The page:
People need to feel taken seriously by authorities, President Andrzej Duda said Tuesday in Warsaw after receiving a Man of Freedom award from the wSieci weekly.
Andrzej Duda remarked that the prize really belonged to his voters and that he considered his 2015 election campaign an obligation.
"Actually this award should go to all Poles who went to the elections in the belief that they were free people and wanted their freedom, and therefore wanted a good change," Duda declared.
He also dedicated the prize symbolically to 2010-deceased Polish President Lech Kaczynski, stating that he would not be where he was without Kaczynski's "political school".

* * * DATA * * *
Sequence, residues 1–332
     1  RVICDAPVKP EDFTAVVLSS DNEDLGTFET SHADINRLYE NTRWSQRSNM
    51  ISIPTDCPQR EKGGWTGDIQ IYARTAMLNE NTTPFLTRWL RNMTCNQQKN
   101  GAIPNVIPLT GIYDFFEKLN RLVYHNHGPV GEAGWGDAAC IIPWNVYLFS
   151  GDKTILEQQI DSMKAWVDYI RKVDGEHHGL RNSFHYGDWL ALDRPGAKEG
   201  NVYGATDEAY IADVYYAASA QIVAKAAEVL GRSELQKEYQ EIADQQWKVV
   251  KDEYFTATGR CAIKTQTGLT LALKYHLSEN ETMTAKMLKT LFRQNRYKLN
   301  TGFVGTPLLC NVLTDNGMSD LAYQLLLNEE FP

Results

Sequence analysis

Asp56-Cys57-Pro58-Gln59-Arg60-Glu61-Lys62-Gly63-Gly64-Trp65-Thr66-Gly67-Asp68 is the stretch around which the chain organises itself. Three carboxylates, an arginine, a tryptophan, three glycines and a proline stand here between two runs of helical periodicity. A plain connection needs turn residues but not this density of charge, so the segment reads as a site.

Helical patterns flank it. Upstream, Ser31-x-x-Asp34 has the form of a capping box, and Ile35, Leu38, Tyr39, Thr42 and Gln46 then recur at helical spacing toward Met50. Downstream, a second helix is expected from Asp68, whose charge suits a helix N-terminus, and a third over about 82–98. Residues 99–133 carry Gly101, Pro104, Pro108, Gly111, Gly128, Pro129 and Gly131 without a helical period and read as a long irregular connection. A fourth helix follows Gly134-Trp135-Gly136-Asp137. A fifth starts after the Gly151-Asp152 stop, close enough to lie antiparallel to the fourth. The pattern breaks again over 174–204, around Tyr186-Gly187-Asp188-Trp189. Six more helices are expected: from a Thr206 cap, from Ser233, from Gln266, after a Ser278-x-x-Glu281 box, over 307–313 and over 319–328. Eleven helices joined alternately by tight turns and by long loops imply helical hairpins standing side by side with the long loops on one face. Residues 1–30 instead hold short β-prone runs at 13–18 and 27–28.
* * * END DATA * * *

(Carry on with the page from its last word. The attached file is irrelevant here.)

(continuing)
Thanking his political associates, he especially mentioned President Kaczynski's brother and current ruling party Law and Justice (PiS) leader Jaroslaw Kaczynski, without whose "risky decision" (to field him for the presidency - PAP) he would not have become head of state.
Recalling his campaign, Duda said he considered it "an obligation" towards Poles and that it had made him see that people wanted to feel taken seriously by authorities and that the administration was there to aid them in their affairs. He added that he saw his presidency as a "huge obligation".
wSieci editor-in-chief Jacek Karnowski remarked that it was Andrzej Duda's "energy and determination" in convincing Poles to his visions that made them elect him to the presidency. (PAP)